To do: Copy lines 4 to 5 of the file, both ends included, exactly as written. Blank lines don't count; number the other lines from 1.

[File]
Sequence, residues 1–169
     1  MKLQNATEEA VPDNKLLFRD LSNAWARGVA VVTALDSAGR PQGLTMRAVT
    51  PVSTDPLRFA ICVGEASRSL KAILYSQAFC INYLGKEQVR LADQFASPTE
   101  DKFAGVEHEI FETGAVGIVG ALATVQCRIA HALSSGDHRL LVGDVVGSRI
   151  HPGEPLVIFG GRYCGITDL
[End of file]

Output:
   101  DKFAGVEHEI FETGAVGIVG ALATVQCRIA HALSSGDHRL LVGDVVGSRI
   151  HPGEPLVIFG GRYCGITDL